What happened

Shares of U.S. exploration and production company Callon Petroleum (CPE -4.17%) fell nearly 11% in the first half hour of trading on Sept. 8. Following close behind was SM Energy (SM 4.66%), which dropped just over 10%. Centennial Resource Development (PR 2.04%) got in on the act as well, with its shares declining as much as 8.5% as trading got underway.

This is really just another day in what has amounted to a really awful year for this trio. At this point, the stocks are all down more than 80% in 2020. While that's up from the worst of the downturn between March and May, it's still a pretty dismal showing and a painful hit for investors. The coronavirus-related economic shutdowns across the world were a big piece of the puzzle, as they led to an extreme decline in demand in the energy sector. In fact, oil prices fell to zero at one point in the year. But this isn't the only issue Callon, SM Energy, and Centennial are facing.

A worker writes in a notebook in front of an oil well.

Image source: Getty Images.

So what

Weak demand for oil and natural gas led to falling prices. That oversupply situation, meanwhile, led to an increase in the amount of these energy sources held in storage. The extra oil and gas needs to be worked off before energy prices can be expected to rise materially. While the world is reopening again, and demand is starting to increase, the big question is whether or not it will increase quickly enough to sop up the extra supply still sloshing around in the sector. Nothing moves in a straight line, so updates one way or the other can move energy prices, often dramatically. Oil prices were heading down sharply this morning. Natural gas was lower, too, but not to the same degree.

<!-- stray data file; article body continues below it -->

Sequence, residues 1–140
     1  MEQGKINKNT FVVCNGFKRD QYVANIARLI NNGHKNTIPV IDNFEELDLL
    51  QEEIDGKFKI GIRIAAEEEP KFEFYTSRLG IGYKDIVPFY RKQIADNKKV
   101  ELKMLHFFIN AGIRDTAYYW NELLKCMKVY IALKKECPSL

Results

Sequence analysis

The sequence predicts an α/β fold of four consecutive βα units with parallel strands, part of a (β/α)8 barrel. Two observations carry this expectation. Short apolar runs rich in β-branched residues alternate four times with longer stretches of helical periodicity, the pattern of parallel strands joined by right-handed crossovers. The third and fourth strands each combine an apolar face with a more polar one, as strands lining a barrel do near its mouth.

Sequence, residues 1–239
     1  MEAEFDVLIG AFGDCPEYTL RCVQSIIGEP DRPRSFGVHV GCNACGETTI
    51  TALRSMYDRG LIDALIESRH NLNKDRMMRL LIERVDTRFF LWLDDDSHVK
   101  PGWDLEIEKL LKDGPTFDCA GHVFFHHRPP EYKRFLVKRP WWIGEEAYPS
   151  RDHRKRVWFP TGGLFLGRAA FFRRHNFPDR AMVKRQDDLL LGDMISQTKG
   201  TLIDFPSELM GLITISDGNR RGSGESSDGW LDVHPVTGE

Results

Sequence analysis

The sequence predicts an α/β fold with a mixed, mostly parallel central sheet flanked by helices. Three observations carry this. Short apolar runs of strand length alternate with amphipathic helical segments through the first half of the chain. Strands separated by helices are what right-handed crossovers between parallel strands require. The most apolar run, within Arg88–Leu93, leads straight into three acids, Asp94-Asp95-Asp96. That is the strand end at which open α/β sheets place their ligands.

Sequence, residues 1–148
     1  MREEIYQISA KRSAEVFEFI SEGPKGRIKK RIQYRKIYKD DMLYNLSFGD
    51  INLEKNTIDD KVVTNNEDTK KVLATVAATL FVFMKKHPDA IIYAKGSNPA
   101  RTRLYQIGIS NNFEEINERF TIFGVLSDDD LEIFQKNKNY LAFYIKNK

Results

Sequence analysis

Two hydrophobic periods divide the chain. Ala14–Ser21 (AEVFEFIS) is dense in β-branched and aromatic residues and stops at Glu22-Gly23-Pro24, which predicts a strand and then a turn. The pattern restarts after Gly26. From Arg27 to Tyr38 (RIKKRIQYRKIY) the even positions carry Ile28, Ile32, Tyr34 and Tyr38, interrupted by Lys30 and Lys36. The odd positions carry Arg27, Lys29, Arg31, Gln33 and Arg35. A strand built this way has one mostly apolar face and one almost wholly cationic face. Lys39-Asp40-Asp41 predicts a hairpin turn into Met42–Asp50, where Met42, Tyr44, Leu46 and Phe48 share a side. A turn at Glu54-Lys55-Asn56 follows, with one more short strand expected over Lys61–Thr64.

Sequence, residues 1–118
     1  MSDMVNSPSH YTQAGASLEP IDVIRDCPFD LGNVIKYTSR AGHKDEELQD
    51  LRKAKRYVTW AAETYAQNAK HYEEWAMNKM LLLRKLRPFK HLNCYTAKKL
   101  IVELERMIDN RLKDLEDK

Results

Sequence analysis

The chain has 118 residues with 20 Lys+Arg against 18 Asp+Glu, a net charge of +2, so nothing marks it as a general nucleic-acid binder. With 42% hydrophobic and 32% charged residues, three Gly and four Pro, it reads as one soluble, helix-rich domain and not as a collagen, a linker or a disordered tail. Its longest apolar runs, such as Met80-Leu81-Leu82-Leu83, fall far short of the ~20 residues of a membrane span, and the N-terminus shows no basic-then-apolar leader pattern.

Although oil prices are the big picture story impacting Callon, SM Energy, and Centennial today, there's another important piece of the puzzle. All three are heavily leveraged names in the U.S. onshore space. The U.S. onshore niche of the energy market has been particularly hard hit, with many debt-laden names already falling into bankruptcy. Some industry watchers suggest that more bankruptcies are yet to come before the energy downturn is over.

But it pays to put some numbers behind that view. Centennial Resource Development is probably the best positioned, with a financial debt-to-equity ratio of around 4.5 times. To put that in perspective, however, energy industry giant Chevron has a ratio of just 0.20 times. Callon and SM Energy are even more leveraged, with financial debt-to-equity ratios of roughly 5.8 times and 7.3 times, respectively. None of the trio is covering its trailing 12-month interest expenses at the moment.   

CDEV Financial Debt to Equity (Quarterly) Chart

CDEV Financial Debt to Equity (Quarterly) data by YCharts.

With debt-heavy balance sheets and weak oil prices, it's not surprising that investors get a little extra worried when energy prices head lower. Even refinancing debt, while the right move for the near term, can have negative long-term implications. For example, in May, Centennial effected two debt exchanges, resulting in interest costs rising 5.375% and 6.875% on the two issues to 8% on the single new issue. The company bought time, but at a material cost. SM Energy did something similar, and Callon tried to get a debt exchange done recently but ended up unable to do so. The companies are working very hard to make it through to the other side of this downturn, but it is difficult sledding right now and volatile energy prices don't help at all. Investors are justified in being concerned here.  

Now what

Energy prices are notoriously volatile and, at this point, the stocks of SM Energy, Callon Petroleum, and Centennial Resource Development are all highly sensitive to the ups and downs. These are not appropriate investments for conservative investors. In fact, the only thing that you can probably count on from here is continued volatility.